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|Yes, but that is Frank's say so
Written by Dorothy A
(5/10/2008 1:23 a.m.)
in consequence of the missive, Chapter 30, penned by Fannie
I have to reread to see if there is evidence by his INTERACTIONS with Emma that he should believe she suspects him. Even though in chapt 30 he starts to say that she must suspect something, WHAT makes him think she SHOULD suspect that he is in love with Jane and not her?
JA placed so many now obvious clues about Frank and Jane that everyone misses (except Mr K) as well as clues about Mr E's feelings for Emma that Emma misses (but Mr John Knightly doesn't) that I'm wondering if there are similar clues about Frank believing that Emma knows or should know.
For instance, if Frank by now already believes Emma suspects a relationship, how to interpret the Dixon scrabble scenario in chpt 41?: "(Mr Knighlty) saw that Emma had soon made (the word) out, and found it highly entertaining, though it was something which she judged it proper to appear to censure; for she said, "Nonsense! for shame!" He heard Frank Churchill next say, with a glance towards Jane, "I will give it to her -- shall I?" and as clearly heard Emma opposing it with eager laughing warmth. "No, no, you must not; you shall not, indeed."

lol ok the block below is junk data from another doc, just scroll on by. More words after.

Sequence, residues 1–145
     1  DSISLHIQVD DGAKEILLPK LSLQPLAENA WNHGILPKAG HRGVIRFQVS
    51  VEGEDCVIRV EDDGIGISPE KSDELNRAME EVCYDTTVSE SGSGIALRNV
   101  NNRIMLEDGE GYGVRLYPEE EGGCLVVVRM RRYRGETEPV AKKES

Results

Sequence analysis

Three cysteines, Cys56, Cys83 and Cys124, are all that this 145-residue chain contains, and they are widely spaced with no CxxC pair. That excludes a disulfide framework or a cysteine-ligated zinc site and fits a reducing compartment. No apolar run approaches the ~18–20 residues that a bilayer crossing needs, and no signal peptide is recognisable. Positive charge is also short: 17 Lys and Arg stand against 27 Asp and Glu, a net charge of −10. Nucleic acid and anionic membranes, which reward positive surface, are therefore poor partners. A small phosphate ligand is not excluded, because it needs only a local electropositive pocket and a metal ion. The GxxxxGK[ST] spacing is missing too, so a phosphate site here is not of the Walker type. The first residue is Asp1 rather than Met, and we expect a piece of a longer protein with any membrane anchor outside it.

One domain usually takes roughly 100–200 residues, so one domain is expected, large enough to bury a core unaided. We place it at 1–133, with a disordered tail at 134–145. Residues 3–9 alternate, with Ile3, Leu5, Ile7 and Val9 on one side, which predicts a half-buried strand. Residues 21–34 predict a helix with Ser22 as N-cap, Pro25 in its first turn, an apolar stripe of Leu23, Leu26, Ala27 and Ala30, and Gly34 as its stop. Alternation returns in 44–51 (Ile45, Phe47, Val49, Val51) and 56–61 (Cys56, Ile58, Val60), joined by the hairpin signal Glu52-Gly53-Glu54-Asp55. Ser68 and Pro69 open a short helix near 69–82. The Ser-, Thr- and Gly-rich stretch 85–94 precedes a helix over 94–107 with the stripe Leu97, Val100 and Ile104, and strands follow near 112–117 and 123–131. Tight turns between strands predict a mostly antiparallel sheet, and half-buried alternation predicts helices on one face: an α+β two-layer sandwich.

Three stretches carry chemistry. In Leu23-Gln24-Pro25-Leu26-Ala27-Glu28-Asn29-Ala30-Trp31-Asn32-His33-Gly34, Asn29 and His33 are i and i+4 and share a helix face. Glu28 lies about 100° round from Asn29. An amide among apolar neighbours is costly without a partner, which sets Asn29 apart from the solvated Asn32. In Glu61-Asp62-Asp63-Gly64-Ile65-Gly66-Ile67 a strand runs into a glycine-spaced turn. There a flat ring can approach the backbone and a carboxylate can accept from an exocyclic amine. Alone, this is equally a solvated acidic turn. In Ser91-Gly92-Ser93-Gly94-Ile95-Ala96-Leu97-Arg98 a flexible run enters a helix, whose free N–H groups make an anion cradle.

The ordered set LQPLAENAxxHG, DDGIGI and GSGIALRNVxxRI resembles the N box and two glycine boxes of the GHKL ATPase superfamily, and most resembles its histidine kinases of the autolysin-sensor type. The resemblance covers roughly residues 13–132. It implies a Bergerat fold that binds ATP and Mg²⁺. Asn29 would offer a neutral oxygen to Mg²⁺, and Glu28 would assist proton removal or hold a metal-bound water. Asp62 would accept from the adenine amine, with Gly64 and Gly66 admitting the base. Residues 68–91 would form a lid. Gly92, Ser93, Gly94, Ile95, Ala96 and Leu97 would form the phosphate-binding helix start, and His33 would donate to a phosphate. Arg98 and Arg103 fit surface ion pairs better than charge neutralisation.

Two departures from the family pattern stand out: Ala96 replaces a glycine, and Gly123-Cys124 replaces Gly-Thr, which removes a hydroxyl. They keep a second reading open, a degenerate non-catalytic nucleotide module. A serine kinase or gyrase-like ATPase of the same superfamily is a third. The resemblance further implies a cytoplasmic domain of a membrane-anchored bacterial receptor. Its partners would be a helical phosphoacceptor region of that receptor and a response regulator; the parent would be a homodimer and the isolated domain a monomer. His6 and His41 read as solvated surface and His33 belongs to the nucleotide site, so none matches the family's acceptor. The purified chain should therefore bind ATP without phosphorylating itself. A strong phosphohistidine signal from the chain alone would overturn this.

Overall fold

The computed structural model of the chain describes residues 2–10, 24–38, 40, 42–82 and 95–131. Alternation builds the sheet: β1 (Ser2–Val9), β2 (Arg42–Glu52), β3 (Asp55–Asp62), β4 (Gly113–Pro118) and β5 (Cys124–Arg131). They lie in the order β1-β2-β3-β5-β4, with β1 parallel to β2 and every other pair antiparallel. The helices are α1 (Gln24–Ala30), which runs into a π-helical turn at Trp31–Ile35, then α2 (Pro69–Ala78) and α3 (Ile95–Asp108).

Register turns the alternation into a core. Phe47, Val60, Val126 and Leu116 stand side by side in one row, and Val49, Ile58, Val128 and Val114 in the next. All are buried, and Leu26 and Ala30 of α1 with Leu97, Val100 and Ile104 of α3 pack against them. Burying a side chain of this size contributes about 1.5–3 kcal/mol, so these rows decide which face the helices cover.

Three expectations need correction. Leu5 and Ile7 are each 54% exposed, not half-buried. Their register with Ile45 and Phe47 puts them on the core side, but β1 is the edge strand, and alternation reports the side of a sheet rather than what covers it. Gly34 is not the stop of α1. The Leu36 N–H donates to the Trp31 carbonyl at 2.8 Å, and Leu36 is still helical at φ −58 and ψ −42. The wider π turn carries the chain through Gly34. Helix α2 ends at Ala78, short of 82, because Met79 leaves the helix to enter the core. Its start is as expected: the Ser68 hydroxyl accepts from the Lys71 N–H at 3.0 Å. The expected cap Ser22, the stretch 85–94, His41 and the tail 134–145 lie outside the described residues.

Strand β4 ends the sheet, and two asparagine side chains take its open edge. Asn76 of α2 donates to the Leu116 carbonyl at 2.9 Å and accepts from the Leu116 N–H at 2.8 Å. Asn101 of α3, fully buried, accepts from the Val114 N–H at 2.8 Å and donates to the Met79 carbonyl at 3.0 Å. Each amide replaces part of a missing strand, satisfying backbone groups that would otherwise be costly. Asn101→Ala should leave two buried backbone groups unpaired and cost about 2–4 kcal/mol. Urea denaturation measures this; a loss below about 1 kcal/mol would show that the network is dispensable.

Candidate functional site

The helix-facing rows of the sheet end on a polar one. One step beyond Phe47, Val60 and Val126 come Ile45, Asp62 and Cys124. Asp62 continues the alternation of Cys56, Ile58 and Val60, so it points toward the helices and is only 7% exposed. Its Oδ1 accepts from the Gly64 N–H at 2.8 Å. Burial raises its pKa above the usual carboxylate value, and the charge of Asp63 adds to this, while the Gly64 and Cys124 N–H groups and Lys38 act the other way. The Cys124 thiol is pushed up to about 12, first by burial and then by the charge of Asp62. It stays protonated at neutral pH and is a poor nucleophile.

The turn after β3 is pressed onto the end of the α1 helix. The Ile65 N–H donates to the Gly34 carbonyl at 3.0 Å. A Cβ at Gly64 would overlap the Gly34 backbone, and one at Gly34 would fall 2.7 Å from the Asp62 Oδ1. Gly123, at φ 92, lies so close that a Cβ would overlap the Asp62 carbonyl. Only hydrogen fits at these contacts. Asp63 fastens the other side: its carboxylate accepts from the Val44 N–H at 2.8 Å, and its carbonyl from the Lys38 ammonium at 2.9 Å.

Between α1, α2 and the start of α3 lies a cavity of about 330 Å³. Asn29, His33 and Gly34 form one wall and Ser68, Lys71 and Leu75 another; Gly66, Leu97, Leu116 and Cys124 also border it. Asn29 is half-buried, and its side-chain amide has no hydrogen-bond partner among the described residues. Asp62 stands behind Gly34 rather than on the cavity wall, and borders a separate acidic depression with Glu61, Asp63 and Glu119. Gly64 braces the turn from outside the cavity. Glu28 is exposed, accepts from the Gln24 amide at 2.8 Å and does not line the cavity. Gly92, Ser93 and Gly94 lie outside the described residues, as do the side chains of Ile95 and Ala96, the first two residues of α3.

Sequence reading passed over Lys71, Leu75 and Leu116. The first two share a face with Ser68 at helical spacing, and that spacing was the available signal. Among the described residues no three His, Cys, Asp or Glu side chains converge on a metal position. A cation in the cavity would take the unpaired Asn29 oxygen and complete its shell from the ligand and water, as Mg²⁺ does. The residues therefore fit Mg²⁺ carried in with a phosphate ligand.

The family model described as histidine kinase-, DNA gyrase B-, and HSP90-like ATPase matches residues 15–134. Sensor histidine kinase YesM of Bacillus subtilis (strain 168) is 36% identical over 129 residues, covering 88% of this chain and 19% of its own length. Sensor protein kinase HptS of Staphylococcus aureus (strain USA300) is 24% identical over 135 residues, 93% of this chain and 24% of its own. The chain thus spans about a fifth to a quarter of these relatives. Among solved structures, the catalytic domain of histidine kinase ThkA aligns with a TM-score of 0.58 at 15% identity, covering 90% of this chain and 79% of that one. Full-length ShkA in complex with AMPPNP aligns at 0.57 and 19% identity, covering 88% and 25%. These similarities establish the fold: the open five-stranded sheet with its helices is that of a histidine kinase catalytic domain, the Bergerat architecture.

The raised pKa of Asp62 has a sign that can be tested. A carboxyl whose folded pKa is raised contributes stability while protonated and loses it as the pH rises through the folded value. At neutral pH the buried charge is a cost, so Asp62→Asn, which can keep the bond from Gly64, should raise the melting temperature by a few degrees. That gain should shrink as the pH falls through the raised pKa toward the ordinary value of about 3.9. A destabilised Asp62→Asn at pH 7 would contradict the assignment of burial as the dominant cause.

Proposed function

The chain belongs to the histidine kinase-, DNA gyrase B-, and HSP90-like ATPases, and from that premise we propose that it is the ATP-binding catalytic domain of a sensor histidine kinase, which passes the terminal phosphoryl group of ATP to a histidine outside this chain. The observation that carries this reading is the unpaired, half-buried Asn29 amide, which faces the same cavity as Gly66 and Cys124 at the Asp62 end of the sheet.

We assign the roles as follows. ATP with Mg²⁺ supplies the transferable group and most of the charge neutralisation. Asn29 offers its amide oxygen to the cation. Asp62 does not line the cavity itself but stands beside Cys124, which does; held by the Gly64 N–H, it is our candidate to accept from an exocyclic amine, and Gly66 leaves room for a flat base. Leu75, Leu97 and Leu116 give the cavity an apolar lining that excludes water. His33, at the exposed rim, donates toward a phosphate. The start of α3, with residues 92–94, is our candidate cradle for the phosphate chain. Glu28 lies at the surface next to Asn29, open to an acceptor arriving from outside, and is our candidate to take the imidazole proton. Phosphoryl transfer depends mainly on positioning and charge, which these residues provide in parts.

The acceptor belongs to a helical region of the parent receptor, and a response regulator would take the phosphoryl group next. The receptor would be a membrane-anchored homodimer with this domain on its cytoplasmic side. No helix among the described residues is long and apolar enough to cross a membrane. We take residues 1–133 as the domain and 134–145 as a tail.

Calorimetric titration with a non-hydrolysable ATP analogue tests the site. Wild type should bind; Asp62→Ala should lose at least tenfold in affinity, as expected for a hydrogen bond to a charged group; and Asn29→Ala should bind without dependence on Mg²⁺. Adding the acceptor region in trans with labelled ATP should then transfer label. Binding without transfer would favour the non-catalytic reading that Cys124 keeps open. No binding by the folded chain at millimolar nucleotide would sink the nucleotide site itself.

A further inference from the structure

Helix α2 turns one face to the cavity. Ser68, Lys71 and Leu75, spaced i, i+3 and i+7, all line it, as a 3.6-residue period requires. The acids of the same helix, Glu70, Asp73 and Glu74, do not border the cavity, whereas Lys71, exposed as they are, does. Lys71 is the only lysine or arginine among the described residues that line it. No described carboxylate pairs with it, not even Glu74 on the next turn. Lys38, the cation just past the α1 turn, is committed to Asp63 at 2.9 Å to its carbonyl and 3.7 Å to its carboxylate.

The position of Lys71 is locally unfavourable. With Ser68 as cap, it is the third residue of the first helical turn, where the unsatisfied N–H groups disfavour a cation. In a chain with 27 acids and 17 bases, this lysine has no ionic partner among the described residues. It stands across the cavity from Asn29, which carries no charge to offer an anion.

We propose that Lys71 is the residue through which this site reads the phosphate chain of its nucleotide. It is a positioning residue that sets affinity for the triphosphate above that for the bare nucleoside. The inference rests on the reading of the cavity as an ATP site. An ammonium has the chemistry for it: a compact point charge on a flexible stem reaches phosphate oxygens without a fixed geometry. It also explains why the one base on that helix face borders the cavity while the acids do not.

Is Frank so far gone that he thinks this is somehow a shared 3-way joke between him, Emma and Jane? If so, how could he explain Jane's reaction to this scrabble? (Jane smiled at the "blunder"; she blushes deeply and refuses to play any more when she recognizes "Dixon" and turns her upset countenance away from Frank and Emma, though perhpas they couldn't see that she was upset).
I may have to re-read the book with this as my theme: At what point does Frank think Emma suspects something and how would Frank interpret their subsequent interactions?
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